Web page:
The Green Building concept is based on creating (and adding onto) structures with materials that are low-impact to acquire and manufacture, and that are energy efficient over the life of the structure so that we reduce our impacts to the Environment.
But what about the actual lands that we clear off, excavate, and reshape for our green structures? How ironic is it that we can save energy and resources around the world via Green Building but can be bulldozing 50 year owl roosts, fox dens, and rare species? If we’re concerned about the impacts of our building materials and energy consumption, we should likewise address our actual, local impacts to the land.
Fortunately, it’s pretty easy to consider these valuable resources before construction. Even a rapid study of the “natural communities”, native plants, wildlife, rare species, and water resources – the “natural capital” of the land – gives you powerful options unavailable otherwise.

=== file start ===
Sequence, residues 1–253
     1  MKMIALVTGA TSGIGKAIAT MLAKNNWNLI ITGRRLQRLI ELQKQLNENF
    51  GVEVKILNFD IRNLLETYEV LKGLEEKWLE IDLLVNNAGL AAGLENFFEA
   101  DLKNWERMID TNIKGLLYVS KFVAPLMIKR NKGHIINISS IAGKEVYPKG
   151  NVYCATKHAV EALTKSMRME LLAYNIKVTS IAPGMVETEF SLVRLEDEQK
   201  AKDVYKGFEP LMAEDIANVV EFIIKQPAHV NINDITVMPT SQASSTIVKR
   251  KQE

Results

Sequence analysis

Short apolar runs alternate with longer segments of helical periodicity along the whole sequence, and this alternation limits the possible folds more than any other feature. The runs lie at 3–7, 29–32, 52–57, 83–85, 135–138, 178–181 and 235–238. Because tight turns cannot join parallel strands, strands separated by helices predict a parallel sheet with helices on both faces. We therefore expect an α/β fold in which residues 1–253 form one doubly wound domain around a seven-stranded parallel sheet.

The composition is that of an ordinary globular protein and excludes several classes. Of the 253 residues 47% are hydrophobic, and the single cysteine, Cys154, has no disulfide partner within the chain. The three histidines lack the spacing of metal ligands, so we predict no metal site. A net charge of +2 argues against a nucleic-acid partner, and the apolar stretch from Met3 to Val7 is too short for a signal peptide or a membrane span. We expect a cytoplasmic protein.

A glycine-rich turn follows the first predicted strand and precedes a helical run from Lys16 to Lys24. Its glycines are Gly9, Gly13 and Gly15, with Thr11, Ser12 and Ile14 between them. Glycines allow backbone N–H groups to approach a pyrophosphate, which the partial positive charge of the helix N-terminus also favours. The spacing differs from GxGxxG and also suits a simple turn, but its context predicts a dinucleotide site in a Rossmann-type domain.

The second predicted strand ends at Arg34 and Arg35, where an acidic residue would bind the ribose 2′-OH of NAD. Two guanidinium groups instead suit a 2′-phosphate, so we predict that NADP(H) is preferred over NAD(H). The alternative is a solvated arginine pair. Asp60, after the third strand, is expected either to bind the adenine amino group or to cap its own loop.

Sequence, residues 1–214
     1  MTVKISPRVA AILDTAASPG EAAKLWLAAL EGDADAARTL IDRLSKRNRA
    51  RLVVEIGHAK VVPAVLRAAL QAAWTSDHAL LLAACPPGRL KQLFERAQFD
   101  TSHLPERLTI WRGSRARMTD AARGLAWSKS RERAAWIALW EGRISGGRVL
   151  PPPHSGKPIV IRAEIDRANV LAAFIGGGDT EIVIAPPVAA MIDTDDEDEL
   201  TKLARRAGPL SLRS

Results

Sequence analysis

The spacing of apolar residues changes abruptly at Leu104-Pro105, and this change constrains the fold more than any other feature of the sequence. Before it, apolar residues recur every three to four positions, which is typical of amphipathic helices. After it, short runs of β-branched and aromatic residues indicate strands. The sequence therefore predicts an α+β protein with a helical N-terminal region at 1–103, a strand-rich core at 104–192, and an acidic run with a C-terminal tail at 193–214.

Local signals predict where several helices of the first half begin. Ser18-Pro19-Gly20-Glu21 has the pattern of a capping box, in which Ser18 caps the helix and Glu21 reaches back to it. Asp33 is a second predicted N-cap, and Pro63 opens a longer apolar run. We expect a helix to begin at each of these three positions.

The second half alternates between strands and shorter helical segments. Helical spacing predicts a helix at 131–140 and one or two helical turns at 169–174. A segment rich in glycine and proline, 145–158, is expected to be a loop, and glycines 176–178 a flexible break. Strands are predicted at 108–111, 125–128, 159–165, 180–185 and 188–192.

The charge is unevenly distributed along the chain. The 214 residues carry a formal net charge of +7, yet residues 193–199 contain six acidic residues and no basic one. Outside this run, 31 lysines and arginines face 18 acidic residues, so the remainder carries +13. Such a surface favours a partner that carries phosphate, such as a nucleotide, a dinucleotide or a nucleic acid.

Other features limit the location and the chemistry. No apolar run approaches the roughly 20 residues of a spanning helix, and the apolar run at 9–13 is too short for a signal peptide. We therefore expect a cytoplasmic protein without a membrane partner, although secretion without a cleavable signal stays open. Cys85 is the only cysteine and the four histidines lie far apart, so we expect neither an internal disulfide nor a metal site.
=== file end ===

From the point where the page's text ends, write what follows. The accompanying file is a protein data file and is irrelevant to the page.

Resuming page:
In the following posts, I’ll cover a few key actions anyone can perform to make green building greener locally on the land itself. By first studying the land, listing and mapping its living and physical resources, then making a plan to protect, utilize, and restore those features, you can manage the site actively and responsibly. As an ecologist, my primary purpose in this process is not only to avoid thoughtless impacts, but also to identify and protect actual living resources within construction. Secondarily (and fortunately) it often yields high quality lumber, exceptional native plants, topsoil, seed-banks, rock products, and even human relics and history that can be “recycled” directly into our structures and lives.
To recognize and incorporate the unique natural and human history of land within construction, to me, is the under appreciated realm of Green Building. I strongly encourage you to explore it.